Some of the 40+ MS and PhD degree candidates celebrated during the April 30 Recognition Ceremony.
Against the backdrop of a now empty campus, the Class of 2020 from the Daniel Guggenheim School of Aerospace Engineering filled the airwaves with ambition and promise as they came together, April 30 and May 1 for two online Recognition Ceremonies.
- You can view the April 30 MS PhD Ceremony now.
- You can view the May 1 Undergraduate Ceremony now
- Check out the Video Graduation Card that the faculty & staff made for the graduates.
Altogether more than 170 bachelor's, master's and doctoral degree candidates were recognized during the two ceremonies, which were broadcast via the same video-conferencing software that was used to conduct the final six weeks of the Spring 2020 semester classes. The Institute has announced that it will schedule an in-person commencement ceremony later this year.
AE Chair Mark F. Costello, Ph.D. AE '92 began both ceremonies by encouraging graduates to not be unduly detoured by the COVID 19 crisis, but to, instead, remain passionate and curious about the challenges that are before them.
"You're graduating with an aerospace engineering degree and you are trying to find out exactly what you want to do going into the future, and I can honestly say there's not been a more exciting time in aerospace
engineering in the past 30 years," he told the undergraduates on Friday morning.
"Look at space exploration. Your generation is going to be the generation that lives, works, and plays on the moon mars and other planetary bodies. It's just going to be incredible to see that technology develop and Georgia Tech engineers are going to be big contributors to that technology."
Introducing the names of the 2020 graduates were Dr. Stephen Ruffin and Dr. Mitchell Walker, associate school chairs for undergraduate and graduate programs, respectively.
Two outstanding AE undergraduates were announced as the recipients of $1,000 scholarships inspired and
|Prof. Joseph H. Saleh
Voted Most Valuable Professor 2018, 2019, 2020
endowed by the late Donnel W. Dutton, an AE alumnus who served as the second chair of the Daniel Guggenheim School (1943-1963.) Abigail McClain was chosen to receive the Aerospace Engineering Outstanding Senior Scholar Award an honor that annually goes to a graduating senior with has both complted 112 or more credit-hours of coursework and who has achieve the highest cumulative GPA.
McClain earned a 4.0 GPA student while pursuing a double-major in aerospace engineering and physics. Her research experiences include development of electric rockets systems at the Jet Propulsion Laboratory and the High Power Electric Propulsion Laboratory. She also conducts research in the Autonomous Control and Decision Systems Laboratory and is a member of Georgia Tech’s Goldrush Dance Team.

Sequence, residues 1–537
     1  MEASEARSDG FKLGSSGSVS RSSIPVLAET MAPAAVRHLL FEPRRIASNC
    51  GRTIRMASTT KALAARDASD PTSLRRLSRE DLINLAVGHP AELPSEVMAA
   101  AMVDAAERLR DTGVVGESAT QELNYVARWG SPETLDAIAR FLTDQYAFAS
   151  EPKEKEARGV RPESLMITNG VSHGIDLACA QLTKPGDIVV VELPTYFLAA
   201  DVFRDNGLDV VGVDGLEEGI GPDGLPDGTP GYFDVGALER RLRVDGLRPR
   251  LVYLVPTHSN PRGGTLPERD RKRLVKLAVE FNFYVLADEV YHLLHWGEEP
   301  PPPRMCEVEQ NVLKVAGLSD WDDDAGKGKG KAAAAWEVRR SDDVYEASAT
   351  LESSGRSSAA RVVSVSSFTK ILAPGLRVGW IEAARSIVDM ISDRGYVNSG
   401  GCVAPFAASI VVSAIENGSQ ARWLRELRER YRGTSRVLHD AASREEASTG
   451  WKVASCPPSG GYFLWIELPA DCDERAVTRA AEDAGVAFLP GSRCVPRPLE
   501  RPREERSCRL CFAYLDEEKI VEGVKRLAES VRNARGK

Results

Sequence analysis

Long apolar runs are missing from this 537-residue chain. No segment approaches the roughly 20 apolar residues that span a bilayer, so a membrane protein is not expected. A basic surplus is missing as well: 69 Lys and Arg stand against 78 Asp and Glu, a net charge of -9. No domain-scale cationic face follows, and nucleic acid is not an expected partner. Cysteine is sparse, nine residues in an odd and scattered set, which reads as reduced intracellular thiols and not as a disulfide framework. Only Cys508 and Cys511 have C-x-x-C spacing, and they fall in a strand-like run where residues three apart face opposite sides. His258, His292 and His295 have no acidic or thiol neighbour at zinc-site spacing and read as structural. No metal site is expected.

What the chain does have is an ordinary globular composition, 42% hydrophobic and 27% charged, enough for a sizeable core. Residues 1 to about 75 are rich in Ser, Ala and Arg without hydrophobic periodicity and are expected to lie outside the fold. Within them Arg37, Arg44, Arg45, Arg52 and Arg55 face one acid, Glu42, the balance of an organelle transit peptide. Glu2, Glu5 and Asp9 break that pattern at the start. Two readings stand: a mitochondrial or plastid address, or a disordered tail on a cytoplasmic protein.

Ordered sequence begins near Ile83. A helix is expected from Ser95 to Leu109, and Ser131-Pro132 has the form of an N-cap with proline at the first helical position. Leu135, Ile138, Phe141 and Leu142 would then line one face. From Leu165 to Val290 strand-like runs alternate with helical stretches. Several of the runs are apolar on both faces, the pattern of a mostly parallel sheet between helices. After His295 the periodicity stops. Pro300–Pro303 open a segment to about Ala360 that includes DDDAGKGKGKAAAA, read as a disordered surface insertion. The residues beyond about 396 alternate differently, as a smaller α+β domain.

The Donnell W. Dutton Outstanding Senior in Aerospace Engineering Award was presented to Harrison Delecki. This award is presented annually to a senior student who has attained high academic achievement within the Daniel Guggenheim School of Aerospace Engineering.
Delecki earned a 4.0 GPA student while pursuing a major in aerospace engineering and a minor in computer science. His research experiences include algorithm development for space domain awareness at MIT Lincoln Laboratory as well as building an attitude determination and control system for a small satellite at Georgia Tech. He plans to pursue graduate studies in fields related to astrodynamics, navigation, and autonomy. In is free time, he enjoys cycling and playing the cello.
The students of Sigma Gamma Tau selected Dr. Joseph H. Saleh to receive the Most Valuable Professor (MVP) award. The comments that accompanied Saleh's nomination give some indication as to why he has earned this honor for three years:
"… He exhibits not just passion in his research or subject of the class, but in the whole learning process. He engages with students enthusiastically both in and out of the classroom and truly inspires his students to strive," said one student.
"…He gave us real world examples and explanations and makes me want to follow in his footsteps," wrote another.
Another wrote, quite simply:
"… He makes learning fun."
As a final gift to the Class of 2020, several of the AE School's faculty and staff used their cell-phones to videotape a Virtual Graduation Card, which was played at both ceremonies.